Study In Judges. Chapter 2v20-3v31. The Judges Take The Stage. No fewer than five reasons are given in the book of Judges for Israel’s failure to possess the land fully: It was because of the superior arms and fortifications of the Canaanites [ 1v19 ].
No fewer than five reasons are given in the book of Judges for Israel’s failure to possess the land fully:
It was because of the superior arms and fortifications of the Canaanites [1v19].
It was because of Israel’s disposition to make alliances with the inhabitants of the land [2v1-5].
It was because Israel had sinned and must be punished [2v20,21].
It was because God was proving Israel’s faithfulness [2v22,23; 3v4].
and finally, it was so that Israel might be instructed in the arts of war [3v1-3].
All of these reasons need to be taken together to flesh out our understanding of the sovereignty of God. They further serve to indicate for us the multifaceted complexity of the consequences of refusing to do what God asks of us. Perhaps the thing that should trouble us the most is that even when presented with so many consequences of disobedience, the light was not switched on, the penny did not drop sufficiently to provide a radical repentance!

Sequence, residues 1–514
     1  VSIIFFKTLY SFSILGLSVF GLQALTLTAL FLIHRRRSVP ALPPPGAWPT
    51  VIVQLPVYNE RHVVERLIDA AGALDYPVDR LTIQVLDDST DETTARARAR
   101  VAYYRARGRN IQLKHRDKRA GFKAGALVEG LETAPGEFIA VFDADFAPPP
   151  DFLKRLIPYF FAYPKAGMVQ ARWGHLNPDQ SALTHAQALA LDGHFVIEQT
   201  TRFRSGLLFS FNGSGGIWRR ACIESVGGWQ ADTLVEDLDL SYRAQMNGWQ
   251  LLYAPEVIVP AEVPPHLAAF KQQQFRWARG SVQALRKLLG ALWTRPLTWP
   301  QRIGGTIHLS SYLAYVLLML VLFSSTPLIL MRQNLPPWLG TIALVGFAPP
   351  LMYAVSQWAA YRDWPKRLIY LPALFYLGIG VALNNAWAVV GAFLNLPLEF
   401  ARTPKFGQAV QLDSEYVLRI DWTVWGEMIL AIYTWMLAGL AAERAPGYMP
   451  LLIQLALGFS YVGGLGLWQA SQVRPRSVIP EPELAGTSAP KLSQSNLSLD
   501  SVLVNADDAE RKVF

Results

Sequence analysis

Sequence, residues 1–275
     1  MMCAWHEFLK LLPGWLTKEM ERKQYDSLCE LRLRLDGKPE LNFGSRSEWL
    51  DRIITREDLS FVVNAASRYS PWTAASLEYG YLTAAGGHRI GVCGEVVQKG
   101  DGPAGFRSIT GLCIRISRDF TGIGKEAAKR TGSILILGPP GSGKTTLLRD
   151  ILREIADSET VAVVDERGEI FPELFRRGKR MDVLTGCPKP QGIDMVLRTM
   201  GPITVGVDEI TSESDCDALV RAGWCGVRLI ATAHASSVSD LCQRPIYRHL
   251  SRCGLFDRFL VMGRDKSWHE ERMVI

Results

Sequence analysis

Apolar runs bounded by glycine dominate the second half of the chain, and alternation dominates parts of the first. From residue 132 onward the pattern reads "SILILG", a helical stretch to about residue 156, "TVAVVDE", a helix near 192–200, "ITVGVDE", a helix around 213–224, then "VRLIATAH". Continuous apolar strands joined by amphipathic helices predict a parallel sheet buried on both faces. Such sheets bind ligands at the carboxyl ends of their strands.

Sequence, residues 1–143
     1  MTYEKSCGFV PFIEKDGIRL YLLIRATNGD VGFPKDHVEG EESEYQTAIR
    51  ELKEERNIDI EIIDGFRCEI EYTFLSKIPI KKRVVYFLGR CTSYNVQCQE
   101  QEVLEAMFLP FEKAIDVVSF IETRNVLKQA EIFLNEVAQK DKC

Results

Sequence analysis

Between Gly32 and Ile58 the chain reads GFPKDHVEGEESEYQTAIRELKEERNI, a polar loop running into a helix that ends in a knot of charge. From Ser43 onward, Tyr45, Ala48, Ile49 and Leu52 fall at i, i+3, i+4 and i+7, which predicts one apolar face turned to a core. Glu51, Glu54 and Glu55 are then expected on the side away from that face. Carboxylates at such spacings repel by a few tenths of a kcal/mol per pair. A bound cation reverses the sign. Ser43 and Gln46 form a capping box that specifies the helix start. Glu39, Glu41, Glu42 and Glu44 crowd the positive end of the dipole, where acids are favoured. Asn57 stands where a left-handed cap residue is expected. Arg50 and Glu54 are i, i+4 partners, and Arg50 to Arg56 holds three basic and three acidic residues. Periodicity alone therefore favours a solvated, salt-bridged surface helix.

Verses 1-6 describe the nations surrounding Israel. The five lords of the Philistines [v3] represent the five city states of Gaza, Ashkelon, Ashdod, Ekron, and Gath. The Canaanites dwelt in the valleys and coastal areas. The Sidonians[Phoenicians] were located around the port of Sidon. The Hevites in the north in the area of Hermon and Lebanon are often identified with the Horitesof Gen. 36v2,20,29. The Hittites [v5], were a great nation covering the